A Conversation with the Padróns
José Orlando Padrón, Chairman Jorge Padrón, President
From the Print Edition:
Adrien Brody, September/October 2010
(continued from page 2)
Senior editor David Savona spent time with the Padróns recently in Nicaragua, touring their fields, factory and tobacco warehouses, smoking cigar after cigar, and sat down with Jorge and his father for a long and wide-ranging conversation about the long journey from fledgling company to industry standout. Jorge translated the portions spoken by his father.
David Savona: Señor Padrón, what has been the biggest obstacle you faced in all your years of making cigars?
José Orlando Padrón: The biggest obstacle I feel I faced was in May of 1978, when there were already problems in Estelí [Nicaragua] because of the pending war. I was going to Costa Rica. There were so many problems in Nicaragua, I was analyzing the possibility of opening a factory there. On May 24, 1978, Caesar Gadea Sr. called me at the hotel in Costa
Rica and said "Don Orlando, it's over." They burned the factory down on the 24th of May. They burned the factory and the warehouse in Estelí.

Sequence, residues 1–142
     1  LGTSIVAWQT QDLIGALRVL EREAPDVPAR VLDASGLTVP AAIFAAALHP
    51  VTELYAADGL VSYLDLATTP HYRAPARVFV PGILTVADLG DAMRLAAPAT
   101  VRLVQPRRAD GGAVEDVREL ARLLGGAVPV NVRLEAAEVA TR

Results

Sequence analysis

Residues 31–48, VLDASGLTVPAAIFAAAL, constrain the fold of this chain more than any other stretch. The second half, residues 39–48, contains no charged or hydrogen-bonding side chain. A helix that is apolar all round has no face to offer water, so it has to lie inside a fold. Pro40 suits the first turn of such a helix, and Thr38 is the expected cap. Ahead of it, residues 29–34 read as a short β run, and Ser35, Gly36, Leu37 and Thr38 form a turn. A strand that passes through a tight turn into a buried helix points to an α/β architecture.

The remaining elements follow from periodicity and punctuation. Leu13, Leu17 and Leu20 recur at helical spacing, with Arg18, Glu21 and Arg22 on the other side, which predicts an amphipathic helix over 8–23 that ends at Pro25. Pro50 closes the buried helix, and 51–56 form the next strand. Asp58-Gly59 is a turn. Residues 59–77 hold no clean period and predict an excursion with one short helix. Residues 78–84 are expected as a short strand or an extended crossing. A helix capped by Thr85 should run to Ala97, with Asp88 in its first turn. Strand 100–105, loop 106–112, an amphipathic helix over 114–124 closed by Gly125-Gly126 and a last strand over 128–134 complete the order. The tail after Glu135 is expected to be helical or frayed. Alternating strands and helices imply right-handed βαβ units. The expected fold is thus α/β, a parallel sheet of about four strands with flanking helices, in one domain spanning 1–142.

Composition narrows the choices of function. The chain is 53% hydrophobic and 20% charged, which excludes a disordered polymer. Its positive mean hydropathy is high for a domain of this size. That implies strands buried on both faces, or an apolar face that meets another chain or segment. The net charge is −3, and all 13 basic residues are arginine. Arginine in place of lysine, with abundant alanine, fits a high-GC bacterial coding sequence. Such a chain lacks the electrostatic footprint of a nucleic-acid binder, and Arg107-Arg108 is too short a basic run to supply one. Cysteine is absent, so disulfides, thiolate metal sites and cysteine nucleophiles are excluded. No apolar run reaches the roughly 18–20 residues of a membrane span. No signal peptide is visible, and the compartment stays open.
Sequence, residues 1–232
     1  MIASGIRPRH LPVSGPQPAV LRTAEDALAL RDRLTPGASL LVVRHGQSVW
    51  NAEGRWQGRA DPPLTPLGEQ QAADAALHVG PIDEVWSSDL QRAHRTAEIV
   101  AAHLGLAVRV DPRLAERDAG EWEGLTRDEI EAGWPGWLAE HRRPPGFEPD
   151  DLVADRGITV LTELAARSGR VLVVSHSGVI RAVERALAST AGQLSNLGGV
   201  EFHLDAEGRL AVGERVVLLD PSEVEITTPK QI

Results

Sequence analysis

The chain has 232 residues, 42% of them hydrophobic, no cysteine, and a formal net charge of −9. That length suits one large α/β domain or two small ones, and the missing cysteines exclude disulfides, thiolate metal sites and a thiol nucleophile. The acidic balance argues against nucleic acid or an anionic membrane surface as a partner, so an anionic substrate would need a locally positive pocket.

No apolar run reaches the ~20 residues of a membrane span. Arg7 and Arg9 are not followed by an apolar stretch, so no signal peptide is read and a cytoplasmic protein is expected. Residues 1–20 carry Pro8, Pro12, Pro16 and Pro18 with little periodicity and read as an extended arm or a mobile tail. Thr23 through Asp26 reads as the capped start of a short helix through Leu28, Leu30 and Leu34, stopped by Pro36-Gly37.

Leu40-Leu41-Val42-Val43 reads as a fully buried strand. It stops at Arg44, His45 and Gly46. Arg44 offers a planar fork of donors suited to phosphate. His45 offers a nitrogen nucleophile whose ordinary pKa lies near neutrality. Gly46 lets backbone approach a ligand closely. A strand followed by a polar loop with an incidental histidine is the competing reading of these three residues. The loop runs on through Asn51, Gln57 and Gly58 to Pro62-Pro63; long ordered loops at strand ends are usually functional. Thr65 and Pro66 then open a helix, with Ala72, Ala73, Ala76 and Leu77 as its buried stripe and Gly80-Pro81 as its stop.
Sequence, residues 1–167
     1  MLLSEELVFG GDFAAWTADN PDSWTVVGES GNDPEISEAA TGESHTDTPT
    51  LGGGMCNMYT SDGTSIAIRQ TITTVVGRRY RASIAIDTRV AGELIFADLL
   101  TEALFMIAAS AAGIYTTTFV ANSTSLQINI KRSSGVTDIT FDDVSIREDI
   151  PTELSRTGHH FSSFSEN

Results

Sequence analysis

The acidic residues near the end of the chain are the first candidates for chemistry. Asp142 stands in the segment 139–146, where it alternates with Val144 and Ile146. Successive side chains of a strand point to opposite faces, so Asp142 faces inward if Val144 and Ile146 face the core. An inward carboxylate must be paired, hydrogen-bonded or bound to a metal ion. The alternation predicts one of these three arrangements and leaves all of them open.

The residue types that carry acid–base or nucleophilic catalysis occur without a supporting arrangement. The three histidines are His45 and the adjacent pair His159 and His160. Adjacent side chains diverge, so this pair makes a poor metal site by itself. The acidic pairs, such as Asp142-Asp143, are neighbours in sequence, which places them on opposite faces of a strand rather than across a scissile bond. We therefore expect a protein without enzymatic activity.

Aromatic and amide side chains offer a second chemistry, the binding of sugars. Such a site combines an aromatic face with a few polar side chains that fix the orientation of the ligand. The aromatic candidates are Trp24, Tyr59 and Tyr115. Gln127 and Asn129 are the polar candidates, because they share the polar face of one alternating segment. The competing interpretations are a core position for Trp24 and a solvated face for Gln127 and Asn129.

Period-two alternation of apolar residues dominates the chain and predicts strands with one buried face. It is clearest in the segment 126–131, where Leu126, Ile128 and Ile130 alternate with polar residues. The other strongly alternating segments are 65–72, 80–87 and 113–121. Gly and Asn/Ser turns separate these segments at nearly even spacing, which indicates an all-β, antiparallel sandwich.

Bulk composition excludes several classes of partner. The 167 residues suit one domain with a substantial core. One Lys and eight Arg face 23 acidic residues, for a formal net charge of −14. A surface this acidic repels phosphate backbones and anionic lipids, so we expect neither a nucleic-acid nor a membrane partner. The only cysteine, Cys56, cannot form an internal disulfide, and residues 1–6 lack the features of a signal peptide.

Q: So he meant your business was over?
José Orlando Padrón: Yes. The day they burned down the factory, the next day I came back to Nicaragua, to Estelí. During that time there was rioting, there was a lot of uncertainty. That day there were 18 buildings set ablaze.
Q: It must have been frightening.
José Orlando Padrón: Those moments are the moments men have to fill themselves with courage. In the face of that is when you find a person's character.
Q: Was your factory insured?
José Orlando Padrón: I had insurance, but not enough to cover the damages. I had the good fortune that many of the people who worked with us helped us and cooperated with me. A little more than 30 days later, I opened up a smaller factory in a house we had rented. I was fortunate enough that I didn't have all my raw material in one warehouse. I had it all throughout Estelí. There were people who were able to salvage some bales as [the factory] was burning. I gave a thank you gift of money, thanking them for returning it. After the fire, I went and I bought a lot of raw material, and I sorted and deveined the tobacco myself.